When the Senate takes a vote, there’s a period in which senators stand around the well of the chamber, chatting in groups of two and three, while fellow lawmakers come in and out to cast votes. When that was happening Tuesday on a motion to move to debate on the Gang of Eight comprehensive immigration reform bill, Sen. Kelly Ayotte, who made news Sunday by becoming the first Republican outside the Gang to endorse the bill, was talking with another lawmaker when Sen. Richard Durbin, the number-two Democrat in the Senate and a Gang of Eight member, walked over to her for the briefest of moments. Durbin said just two words: “Thank you.”

And why shouldn’t Durbin be thankful? Ayotte had broken the silence about the bill that had been standard among Republicans not in the Gang. For months, GOP senators have declined to make any commitment to the Gang legislation, choosing instead to make general, talking-point remarks about the need to fix the nation’s “broken” immigration system. On Sunday, Ayotte said straight-out that she will vote for the bill, giving it the beginning of a sense of momentum among Republicans.

In the end, the Senate voted 82-15 to move to debate on the bill. In some circles, that lopsided margin, which included 28 Republican “Aye” votes, was taken as a sign of support, or at least potential support, for the bill. Perhaps, but most Republicans had made the decision that they did not want to stop debate on the bill before it even started; my story last week on the question called the upcoming vote a “done deal.” Most Republicans warned that no one should read too much into their initial vote.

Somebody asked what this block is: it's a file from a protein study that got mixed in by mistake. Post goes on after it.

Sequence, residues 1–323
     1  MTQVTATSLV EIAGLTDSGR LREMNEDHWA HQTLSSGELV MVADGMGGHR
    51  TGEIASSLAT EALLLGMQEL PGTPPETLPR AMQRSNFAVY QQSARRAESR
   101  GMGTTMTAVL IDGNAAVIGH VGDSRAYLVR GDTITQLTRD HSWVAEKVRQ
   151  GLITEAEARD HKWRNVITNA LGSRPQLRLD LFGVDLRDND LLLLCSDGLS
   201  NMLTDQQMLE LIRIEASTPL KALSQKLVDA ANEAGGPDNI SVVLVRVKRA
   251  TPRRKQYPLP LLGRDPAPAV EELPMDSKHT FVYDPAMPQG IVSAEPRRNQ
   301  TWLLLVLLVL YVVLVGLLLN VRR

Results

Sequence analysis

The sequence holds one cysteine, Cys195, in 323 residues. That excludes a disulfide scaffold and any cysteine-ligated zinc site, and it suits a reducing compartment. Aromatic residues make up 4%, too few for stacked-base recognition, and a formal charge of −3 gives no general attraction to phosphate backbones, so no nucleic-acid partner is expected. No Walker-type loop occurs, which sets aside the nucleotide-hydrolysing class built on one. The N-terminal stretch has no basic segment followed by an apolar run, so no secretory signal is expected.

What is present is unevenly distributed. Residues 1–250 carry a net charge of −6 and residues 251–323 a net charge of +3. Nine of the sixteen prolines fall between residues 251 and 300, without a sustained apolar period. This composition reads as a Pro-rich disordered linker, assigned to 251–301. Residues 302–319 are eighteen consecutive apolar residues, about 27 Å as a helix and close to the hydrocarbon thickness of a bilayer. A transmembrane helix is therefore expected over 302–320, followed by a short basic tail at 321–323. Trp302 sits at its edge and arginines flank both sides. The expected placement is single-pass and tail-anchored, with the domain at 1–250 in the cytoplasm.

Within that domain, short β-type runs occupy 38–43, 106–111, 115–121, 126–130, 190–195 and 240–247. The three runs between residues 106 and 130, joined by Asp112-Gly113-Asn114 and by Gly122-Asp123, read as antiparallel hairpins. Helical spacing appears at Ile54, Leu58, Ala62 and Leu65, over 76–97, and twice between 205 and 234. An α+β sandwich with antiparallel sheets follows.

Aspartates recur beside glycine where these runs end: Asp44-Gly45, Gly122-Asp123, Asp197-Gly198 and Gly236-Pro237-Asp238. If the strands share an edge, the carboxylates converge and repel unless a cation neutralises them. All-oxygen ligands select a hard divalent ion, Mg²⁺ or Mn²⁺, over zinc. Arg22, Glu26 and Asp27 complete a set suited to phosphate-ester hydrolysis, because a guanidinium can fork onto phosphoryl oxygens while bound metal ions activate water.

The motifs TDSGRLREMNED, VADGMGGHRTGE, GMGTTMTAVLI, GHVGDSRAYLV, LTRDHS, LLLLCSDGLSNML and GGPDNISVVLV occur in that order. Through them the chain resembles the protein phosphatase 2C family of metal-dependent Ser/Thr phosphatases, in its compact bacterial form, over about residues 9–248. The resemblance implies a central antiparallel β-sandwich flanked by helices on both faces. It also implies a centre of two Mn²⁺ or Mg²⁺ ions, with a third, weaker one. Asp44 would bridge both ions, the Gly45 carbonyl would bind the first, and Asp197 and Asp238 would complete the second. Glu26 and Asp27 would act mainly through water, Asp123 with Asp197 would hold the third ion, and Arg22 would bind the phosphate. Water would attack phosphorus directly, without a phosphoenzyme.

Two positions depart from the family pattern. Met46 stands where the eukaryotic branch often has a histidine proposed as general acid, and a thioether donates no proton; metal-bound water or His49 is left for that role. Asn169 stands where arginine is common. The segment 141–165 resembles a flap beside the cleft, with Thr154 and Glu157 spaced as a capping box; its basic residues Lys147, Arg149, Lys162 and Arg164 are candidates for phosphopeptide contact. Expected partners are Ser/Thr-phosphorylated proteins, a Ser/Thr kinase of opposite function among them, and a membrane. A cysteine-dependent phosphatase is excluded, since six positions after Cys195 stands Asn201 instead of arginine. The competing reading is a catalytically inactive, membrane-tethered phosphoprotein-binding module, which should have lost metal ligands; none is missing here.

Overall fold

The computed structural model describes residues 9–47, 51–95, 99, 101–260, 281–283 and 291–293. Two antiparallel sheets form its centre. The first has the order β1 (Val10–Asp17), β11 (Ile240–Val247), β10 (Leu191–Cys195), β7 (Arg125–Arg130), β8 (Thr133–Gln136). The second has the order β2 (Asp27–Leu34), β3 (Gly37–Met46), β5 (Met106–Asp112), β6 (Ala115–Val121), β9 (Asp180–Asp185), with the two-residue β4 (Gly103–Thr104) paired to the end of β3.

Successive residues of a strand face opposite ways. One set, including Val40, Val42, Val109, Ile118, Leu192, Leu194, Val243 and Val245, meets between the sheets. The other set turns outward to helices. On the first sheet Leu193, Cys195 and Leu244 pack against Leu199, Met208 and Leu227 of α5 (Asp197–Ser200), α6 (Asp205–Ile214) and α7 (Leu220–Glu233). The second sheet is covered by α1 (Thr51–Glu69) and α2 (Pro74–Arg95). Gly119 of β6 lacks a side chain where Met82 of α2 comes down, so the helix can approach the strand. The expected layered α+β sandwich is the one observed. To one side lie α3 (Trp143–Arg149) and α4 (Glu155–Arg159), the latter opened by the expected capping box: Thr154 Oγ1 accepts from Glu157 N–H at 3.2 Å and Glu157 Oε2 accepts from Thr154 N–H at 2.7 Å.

For example, after the vote, Mitch McConnell and John Cornyn, the two highest-ranking Republicans in the Senate, met the press, and Cornyn said this:

Senator McConnell and I both voted to proceed to engage in the immigration debate, the first time since 2007 the Senate’s taken up the immigration issue, and I think there is virtually unanimity that the current immigration system is broken and that action on behalf of Congress needs to take place.

At the same time, Cornyn has written amendment to strengthen the bill’s border security requirements that Senate Majority Leader Harry Reid has called a “poison pill.” In a Facebook posting Tuesday, the same day he voted to move the bill forward, Cornyn wrote:

I…oppose the Gang of 8 bill because it fails to provide a real plan to secure our border and keep our nation safe, offering lofty promises without any guarantees.

I’m voting to move to the bill so that I can offer my RESULTS amendment to toughen the border and national security provisions, putting real teeth in the bill by guaranteeing a plan to secure our porous border.

The bottom line is that if border and national security cannot be guaranteed in this bill, I cannot and will not support it.

So don’t read too much into the first vote on the Gang of Eight bill. Yes, with 54 Democrats and five Republicans supporting it so far, its prospects for final Senate passage are very, very strong. But how many GOP lawmakers will end up voting for it is still an open question.

By the way, there were two votes on the bill Tuesday, one to invoke cloture and one to move ahead with debate. Both passed by similar margins. The only senator to miss both votes was Gang member and longtime immigration reform advocate John McCain.